If you are still not thinking about how much energy your new house will use and how much it will lose, then this is the time to start. It should be one of your top priorities – if for no other reason than your own pocketbook.
The energy used to heat and cool homes will continue to rise in price and, as we have seen lately, global politics can quickly and drastically affect your access to cheap energy.
I'll get to the part of the house plans in a minute, but first …
A little story
This is not the first energy crisis we have had. In 1970 – when I was a student studying green design – world events talked about the creation of the American energy crisis. It was an interesting time to study Architecture because the buildings we designed were obliged to respond to the environment – to use natural sources of energy as far as possible.
The homes we created used technology and inventive design to give them shape – we designed solar homes, earth-sheltered homes, homes with heat mass and other types in a wide variety of shapes and sizes. They collected heat from the sun and the earth and kept it inside for as long as possible. They blocked excessive solar radiation with deep overhangs and shading devices and were very attentive to the angle of the sun and the prevailing winds.
Sure they look a little weird (some are downright ugly), but we designed homes that were warm in the winter and cool in the summer and used almost no energy ,
A little more history
But then in the 1980s energy became cheap again and everyone forgot about low energy homes (see, I told you – just a little more history).
Where are we now
Fast forward to the twenty-first century and suddenly energy is back on page one. Again, homes respond to pressure to reduce energy consumption, but in a curiously different way – through envelope and mechanical technology ,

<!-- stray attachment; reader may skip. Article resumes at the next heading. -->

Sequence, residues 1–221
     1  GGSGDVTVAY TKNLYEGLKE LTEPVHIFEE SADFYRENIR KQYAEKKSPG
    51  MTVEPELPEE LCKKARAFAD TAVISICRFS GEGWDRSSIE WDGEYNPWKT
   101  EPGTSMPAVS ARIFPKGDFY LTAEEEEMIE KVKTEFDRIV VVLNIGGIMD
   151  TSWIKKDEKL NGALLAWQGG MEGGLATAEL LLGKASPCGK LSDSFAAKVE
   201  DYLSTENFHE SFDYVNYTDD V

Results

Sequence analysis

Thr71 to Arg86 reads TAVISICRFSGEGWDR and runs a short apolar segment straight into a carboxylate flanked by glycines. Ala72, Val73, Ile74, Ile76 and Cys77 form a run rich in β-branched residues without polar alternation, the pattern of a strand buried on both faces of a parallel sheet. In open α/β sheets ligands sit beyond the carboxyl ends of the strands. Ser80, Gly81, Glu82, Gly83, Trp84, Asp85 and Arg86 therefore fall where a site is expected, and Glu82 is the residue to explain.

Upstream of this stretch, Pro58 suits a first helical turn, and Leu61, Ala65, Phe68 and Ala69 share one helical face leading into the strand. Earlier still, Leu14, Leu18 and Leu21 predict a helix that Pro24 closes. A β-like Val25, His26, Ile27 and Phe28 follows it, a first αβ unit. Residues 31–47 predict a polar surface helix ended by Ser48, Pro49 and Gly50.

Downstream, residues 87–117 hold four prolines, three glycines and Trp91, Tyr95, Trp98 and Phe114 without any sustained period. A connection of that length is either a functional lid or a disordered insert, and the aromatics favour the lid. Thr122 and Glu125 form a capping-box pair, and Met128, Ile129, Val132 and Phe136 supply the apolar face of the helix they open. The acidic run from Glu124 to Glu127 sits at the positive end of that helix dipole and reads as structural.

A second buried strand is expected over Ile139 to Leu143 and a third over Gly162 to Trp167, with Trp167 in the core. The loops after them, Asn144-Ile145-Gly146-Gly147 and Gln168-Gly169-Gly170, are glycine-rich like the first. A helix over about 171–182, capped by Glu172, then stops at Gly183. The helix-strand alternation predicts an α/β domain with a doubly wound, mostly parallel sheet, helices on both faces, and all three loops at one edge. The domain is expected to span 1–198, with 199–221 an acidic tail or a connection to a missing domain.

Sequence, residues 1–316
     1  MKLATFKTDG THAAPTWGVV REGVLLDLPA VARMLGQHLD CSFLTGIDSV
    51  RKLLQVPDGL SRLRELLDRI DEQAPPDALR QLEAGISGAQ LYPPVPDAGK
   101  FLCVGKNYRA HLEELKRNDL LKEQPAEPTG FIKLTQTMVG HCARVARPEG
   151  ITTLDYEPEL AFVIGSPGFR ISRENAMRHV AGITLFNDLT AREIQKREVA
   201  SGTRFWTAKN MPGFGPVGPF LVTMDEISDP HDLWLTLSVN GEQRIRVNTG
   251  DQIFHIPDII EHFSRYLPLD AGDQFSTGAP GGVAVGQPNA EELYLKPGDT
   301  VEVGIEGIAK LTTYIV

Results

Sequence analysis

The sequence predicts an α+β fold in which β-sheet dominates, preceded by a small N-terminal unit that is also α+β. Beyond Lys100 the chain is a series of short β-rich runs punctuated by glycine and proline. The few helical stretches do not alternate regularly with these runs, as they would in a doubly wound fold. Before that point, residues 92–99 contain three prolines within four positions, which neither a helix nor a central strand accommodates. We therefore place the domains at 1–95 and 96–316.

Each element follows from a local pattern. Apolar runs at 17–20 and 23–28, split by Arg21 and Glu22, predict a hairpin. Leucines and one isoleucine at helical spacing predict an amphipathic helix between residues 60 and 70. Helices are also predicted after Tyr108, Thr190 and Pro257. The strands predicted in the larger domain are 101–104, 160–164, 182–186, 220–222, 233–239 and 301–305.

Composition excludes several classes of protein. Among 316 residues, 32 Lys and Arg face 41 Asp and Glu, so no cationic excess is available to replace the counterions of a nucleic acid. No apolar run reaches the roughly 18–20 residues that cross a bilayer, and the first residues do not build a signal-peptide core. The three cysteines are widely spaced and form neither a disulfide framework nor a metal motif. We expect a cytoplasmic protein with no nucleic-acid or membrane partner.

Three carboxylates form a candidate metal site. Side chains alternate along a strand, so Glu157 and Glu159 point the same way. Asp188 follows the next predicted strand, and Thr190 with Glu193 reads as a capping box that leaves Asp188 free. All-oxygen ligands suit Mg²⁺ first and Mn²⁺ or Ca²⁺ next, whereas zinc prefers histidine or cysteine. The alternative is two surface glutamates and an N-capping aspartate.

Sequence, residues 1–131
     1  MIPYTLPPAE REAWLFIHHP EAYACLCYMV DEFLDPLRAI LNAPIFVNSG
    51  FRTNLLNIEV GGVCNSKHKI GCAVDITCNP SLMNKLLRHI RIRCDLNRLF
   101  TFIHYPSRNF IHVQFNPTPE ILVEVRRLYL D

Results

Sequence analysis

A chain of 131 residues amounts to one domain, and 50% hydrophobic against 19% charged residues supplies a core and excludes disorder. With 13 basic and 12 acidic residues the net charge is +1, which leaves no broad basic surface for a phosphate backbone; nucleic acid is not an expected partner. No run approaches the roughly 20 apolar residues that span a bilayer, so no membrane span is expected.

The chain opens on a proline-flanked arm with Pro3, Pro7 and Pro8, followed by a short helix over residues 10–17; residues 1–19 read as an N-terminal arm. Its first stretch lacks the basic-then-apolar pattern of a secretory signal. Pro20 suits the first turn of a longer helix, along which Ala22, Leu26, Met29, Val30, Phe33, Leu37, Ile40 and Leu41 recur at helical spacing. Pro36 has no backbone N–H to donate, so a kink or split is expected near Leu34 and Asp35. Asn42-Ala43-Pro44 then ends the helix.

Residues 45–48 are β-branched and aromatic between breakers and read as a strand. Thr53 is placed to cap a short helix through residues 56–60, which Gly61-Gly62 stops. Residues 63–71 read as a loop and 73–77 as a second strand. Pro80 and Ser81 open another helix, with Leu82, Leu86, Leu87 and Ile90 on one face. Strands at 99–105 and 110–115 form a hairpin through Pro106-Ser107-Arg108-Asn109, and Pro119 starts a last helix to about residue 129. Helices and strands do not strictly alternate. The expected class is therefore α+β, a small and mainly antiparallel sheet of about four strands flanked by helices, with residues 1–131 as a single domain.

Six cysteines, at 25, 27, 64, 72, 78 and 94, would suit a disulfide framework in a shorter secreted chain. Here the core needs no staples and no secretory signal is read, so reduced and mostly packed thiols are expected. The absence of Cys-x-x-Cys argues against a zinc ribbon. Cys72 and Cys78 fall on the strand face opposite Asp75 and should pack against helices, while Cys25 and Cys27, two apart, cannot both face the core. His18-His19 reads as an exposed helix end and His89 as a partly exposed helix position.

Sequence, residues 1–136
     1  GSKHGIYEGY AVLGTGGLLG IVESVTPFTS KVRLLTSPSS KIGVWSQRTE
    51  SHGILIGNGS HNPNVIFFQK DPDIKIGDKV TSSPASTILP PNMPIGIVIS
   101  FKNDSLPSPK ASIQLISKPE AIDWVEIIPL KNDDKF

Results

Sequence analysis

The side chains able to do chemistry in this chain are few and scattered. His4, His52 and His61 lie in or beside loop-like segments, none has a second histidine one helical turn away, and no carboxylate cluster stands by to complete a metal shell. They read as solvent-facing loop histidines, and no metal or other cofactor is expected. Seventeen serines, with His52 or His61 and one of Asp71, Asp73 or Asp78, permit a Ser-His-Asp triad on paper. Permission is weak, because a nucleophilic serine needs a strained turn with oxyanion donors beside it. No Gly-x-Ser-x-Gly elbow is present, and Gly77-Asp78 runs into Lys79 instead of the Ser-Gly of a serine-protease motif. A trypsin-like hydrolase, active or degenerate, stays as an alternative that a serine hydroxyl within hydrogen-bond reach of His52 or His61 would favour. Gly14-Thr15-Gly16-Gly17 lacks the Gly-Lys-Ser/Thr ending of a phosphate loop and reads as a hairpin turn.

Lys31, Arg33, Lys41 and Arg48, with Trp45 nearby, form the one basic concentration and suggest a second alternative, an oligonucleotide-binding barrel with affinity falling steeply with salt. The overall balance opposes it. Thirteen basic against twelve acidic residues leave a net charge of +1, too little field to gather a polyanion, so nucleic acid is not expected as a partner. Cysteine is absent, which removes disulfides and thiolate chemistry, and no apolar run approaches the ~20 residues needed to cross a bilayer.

Technology for envelopes
The envelope of your home is its cover – the roof, the walls, the windows and the base. What protects the exterior is just that. There was a time when the heat flowed fairly freely through the envelope; the windows were one glass thick and the walls and roofs had little or no insulation.
Today, the assembly of walls and roofs can be many high technology. New types of insulation, sheathing and siding slow heat flow to creep. Infiltration barriers (Tyvek, Typar, for example) stop excessive water vapor migration and seal the outside more tightly than ever before. Houses can be sealed so tightly in fact, the retained moisture can accelerate the growth of mold (this is an object for another time).
The windows and doors have also passed light years beyond the old wooden frames, plastered with glass from the beginning of the twentieth century. Windows are now available with multiple windows closed together to create an insulating layer inside; often this "air space" is filled with inert argon gas – which has a higher resistance to heat transfer from the air.
The window frame is far better sealed and the installation methods are much improved. Even ordinary old glass is not what it used to be – now it's covered with a microscopic layer that allows sunlight but blocks UV rays and prevents heat from leaking.
Other high-tech wall technologies include ICF (Insulated Concrete Forms) and SIP (Structural Insulated Panels).
Another area of major change is mechanical technology, including systems for heating and cooling groundwater sources, active solar panels and custom water heaters.
Stoves, heat pumps, heat exchangers, boilers and air conditioners are more efficient, always working hard to extract every BTU of energy from the fuels they use. And sophisticated computer control systems control the heat distribution throughout the house.
Back to the house plans!
Envelope technology and mechanical technology are two good ways to make every house plan more energy efficient. High-tech energy management systems can be added to any house plan, and most plans can be easily modified to incorporate the latest envelope technology. Some home plan sites even sell versions of their plans with ICF wall details already included.
Take advantage of high-tech energy-saving technologies wherever you can. As energy costs increase, more sophisticated fuel economy systems will pay.
But envelopes and mechanical technology are not the only way to create a more energy efficient home. Back in the day we did it with old-fashioned good design – paying attention to the sun's orientation, the amount and location of the window, and the shape and size of the house. An architect or qualified home designer can help you choose and / or modify a home plan to better address your energy use issues.
So choose carefully – a good looking house is not necessarily energy efficient.